June 6, 2008,
Konstantin Palace, St Petersburg



It gives me great pleasure to welcome President Dmitry Medvedev to our forum today. This is a special pleasure because I remember very well your concluding remarks at Davos a year-and-a-half ago, when you amazed everyone with your views on Russia’s future and impressed us all with your knowledge of English. Our relations with Russia go back a long way. We first arrived in St Petersburg in 1991 and our hosts then were from the St Petersburg City Hall. As far as I remember, you and Prime Minister Putin were both here when our delegation first arrived, and today we are celebrating our longstanding partnership and friendship. Thank you very much for finding the time in your schedule to meet with us this evening.

I would like to introduce your colleague, Arkady Dvorkovich, who is one of your aides and is also Russia’s Sherpa in the G8. He is playing an important part in preparations for the G8 summit and, before we begin our discussions, I would like to specially thank you and the Minister for your work and for the cooperation between the St Petersburg Economic Forum and the World Economic Forum in Davos. I would like to thank you for this. I have already received a positive first reaction to this cooperation.

Mr President, we have calculated approximately that the people here today, the senior executives of many different companies, represent more than $1 trillion between them. We would like to hear view of the current situation in Russia. I am sure that this will be a productive discussion. Once more, I would like to wish you welcome, Mr President of the Russian Federation.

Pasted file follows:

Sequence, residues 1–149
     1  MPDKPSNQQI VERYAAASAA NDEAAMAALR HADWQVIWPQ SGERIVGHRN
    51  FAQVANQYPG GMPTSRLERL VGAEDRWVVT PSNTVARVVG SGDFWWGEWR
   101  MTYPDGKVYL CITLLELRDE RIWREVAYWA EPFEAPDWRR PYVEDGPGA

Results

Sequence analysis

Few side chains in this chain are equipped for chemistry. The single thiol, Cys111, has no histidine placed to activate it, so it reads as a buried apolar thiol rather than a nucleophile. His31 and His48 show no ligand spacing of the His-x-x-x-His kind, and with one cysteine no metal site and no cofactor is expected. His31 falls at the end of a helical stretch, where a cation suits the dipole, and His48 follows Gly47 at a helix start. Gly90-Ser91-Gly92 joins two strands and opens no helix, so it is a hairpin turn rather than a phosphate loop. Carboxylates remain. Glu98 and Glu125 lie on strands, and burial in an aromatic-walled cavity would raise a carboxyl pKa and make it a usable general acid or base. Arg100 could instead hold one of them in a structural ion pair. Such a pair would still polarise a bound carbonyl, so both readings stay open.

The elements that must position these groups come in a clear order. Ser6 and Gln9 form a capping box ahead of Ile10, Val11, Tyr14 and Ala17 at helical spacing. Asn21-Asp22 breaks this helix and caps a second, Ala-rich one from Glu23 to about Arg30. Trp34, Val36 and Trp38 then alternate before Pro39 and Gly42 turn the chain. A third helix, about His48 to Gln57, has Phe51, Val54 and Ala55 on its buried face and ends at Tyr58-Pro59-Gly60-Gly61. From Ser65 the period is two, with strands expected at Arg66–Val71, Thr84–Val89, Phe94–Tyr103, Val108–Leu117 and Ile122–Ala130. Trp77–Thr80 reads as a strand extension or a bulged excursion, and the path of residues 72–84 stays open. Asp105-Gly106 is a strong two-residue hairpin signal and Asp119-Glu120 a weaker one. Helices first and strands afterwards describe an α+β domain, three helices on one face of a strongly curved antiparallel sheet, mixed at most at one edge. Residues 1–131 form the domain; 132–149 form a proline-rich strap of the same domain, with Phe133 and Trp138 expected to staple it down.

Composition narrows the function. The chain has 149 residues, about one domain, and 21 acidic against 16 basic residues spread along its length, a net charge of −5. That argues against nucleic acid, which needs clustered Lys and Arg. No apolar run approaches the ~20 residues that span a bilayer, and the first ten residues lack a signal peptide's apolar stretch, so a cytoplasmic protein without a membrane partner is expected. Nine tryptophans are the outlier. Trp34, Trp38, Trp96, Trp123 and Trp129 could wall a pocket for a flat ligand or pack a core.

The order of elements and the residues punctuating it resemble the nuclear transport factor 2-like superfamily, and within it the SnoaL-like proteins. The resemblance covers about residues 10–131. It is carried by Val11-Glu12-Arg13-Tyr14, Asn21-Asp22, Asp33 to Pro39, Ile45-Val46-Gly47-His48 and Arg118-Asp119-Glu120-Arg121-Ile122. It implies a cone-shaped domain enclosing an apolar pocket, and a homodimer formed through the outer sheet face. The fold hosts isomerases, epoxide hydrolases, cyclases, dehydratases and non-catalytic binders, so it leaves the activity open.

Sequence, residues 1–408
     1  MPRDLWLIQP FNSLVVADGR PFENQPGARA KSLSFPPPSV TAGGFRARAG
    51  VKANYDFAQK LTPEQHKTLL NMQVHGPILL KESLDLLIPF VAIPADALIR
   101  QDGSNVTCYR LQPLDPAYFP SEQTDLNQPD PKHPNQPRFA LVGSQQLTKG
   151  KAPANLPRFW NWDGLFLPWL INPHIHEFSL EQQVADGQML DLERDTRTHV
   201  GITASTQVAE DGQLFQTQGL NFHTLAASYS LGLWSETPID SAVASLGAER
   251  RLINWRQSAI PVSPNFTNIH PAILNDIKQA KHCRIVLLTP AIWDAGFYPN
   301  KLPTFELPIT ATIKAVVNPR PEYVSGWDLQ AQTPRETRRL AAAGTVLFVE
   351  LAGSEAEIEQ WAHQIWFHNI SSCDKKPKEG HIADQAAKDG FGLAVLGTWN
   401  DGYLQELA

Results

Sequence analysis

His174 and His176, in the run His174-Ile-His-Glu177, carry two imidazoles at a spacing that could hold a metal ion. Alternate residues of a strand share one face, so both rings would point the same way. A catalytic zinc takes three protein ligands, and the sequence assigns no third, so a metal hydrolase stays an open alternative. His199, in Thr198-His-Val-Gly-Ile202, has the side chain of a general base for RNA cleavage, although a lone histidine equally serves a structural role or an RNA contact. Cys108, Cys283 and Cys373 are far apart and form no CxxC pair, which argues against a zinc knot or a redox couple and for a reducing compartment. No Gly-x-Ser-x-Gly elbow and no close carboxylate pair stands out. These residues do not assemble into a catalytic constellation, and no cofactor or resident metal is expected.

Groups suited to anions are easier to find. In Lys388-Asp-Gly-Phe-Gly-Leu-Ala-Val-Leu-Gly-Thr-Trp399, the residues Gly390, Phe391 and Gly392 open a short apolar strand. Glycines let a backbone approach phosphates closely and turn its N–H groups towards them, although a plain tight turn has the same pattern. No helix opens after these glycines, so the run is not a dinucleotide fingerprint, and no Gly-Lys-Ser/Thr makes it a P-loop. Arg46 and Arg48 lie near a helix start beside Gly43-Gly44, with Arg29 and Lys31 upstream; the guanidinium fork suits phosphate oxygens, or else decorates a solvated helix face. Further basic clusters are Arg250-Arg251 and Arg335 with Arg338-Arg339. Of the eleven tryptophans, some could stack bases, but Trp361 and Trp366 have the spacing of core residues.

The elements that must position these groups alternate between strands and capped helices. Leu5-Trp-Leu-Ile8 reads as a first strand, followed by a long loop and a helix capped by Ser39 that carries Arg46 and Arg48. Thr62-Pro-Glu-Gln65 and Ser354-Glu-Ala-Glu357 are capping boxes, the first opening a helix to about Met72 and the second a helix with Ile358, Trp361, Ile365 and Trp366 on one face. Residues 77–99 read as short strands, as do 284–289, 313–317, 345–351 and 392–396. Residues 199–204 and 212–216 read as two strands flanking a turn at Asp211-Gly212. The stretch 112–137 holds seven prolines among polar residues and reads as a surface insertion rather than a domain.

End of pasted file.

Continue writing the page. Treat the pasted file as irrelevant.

PRESIDENT OF RUSSIA DMITRY MEDVEDEV: Ladies and gentlemen, colleagues,

Today’s meeting during this Forum’s work is not taking place simply in order to continue tradition. Life and recent events have shown that only this kind of direct dialogue can help us discuss a number of serious issues that are equally important for business and for the authorities in our country and have an overall positive impact on the business and investment climate in Russia.

I would like to begin our discussion by naming five things that I consider important today. You can probably draw my attention to things I may have overlooked, things that you consider important for developing cooperation with Russian companies and with Russia in general.

As you know, and as I already said today, we have set ourselves the not very easy goal of setting Russia on an innovative development track and becoming one of the world’s five biggest economies by 2020. The ability to raise new long-term investment will be a determining factor in our progress towards this goal.

Last year, investment in basic capital increased by more than 21 percent (almost double the figure for 2006). We are consolidating this positive trend and laying the foundations for further economic diversification and, most importantly, for technological modernisation. That is the first point.

Second, we want to bring capital into as wide a range of economic sectors as possible. Most investment in past years has been in Russia’s mining and extraction industries and the transport sector, but now we are also seeing investment in agriculture, machine-building, real estate, timber processing and trade. We think these sectors are all just as important for Russia today as the traditional sectors of mining and extraction and transport.

At the same time, direct foreign investment accounts for a share of around 5 percent of our gross domestic product. Most direct foreign investment is in retail, construction and the commodities sector. We have taken a number of measures to change this situation. Above all, we have acted to put in place a full-fledged legal and regulatory framework defining the conditions for investment development.